Former New Zealand Prime Minister Jacinda Ardern is heading to Harvard.
Ardern wrote that she’ll join Harvard University as a fellow later this year in a post on Instagram Tuesday. She wrote that her semester there will include research, speaking engagements and learning, as well as “work on the challenges around the growth of generative AI tools.”
“I am incredibly humbled to be joining Harvard University as a fellow — not only will it give me the opportunity to share my experience with others, it will give me a chance to learn,” Ardern said in a statement. “As leaders, there’s often very little time for reflection, but reflection is critical if we are to properly support the next generation of leaders.”
Ardern, who gave the Harvard commencement speech in May 2022, was awarded the Harvard Kennedy School Center for Public Leadership Gleitsman International Activist Award in 2020. During her commencement speech, she challenged graduates to “save a seat for others, to make room for others, to ensure that the opportunities afforded by your education do not enrich your life alone.”
Ardern will be a 2023 Angelopoulos Global Public Leaders Fellow, which Harvard said is for “high-profile leaders who are transitioning from public service roles,” and a Hauser Leader in the Kennedy School’s Center for Public Leadership, where she’ll “engage with students and faculty on building skills in principled leadership.” The dual fellowship begins this fall.
“Jacinda Ardern showed the world strong and empathetic political leadership,” Kennedy School Dean Douglas Elmendor said in a statement. “She earned respect far beyond the shores of her country, and she will bring important insights for our students and will generate vital conversations about the public policy choices facing leaders at all levels.”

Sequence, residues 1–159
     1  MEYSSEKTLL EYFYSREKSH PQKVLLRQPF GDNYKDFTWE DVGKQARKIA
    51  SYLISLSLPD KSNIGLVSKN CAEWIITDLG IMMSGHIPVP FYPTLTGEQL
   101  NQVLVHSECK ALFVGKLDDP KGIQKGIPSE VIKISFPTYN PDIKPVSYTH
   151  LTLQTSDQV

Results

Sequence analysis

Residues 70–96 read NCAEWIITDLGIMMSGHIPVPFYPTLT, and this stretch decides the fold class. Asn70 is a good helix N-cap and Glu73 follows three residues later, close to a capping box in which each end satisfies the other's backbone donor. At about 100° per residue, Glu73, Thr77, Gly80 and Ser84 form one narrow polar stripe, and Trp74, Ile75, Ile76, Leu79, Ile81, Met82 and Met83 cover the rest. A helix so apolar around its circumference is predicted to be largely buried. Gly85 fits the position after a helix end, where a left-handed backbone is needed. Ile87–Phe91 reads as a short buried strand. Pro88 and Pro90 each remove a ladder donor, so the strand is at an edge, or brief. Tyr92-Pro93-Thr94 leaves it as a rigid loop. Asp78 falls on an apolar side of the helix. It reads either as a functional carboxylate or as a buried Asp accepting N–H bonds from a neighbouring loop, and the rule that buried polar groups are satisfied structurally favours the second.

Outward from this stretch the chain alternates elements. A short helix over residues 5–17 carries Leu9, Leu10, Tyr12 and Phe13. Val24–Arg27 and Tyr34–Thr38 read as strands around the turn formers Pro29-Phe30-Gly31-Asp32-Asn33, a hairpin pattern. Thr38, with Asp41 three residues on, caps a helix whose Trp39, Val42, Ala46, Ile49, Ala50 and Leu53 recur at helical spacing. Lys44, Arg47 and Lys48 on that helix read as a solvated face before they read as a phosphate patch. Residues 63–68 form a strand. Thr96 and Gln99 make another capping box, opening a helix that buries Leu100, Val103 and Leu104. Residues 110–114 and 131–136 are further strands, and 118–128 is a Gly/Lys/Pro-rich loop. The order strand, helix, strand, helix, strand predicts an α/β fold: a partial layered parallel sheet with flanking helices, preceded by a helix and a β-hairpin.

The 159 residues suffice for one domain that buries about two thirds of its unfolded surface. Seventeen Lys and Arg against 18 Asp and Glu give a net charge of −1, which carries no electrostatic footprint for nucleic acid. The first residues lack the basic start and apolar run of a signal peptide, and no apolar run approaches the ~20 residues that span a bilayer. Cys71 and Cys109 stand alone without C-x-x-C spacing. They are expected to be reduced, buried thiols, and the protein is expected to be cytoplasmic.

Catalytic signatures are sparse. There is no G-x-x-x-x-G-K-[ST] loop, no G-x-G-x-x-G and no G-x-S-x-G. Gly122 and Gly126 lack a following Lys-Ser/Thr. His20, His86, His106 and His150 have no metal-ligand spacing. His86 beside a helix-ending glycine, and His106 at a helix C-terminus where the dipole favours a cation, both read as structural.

Ardern became prime minister in 2017 when she was 37, and her Labour Party won in a landslide in 2020. She was praised by supporters for her handling of terrorism, natural disasters and COVID-19 during her time in office, and she stepped down in January, saying she “no longer had enough in the tank.”
Ardern has other plans for life after elected office. Earlier this month, she took an unpaid role as special envoy for Christchurch Call, an initiative to fight online extremism she co-founded with French President Emmanuel Macron following the 2019 shooting targeting worshippers at mosques in Christchurch, New Zealand. She also joined the board of trustees of Earthshot Prize, an environmental group founded by Prince William.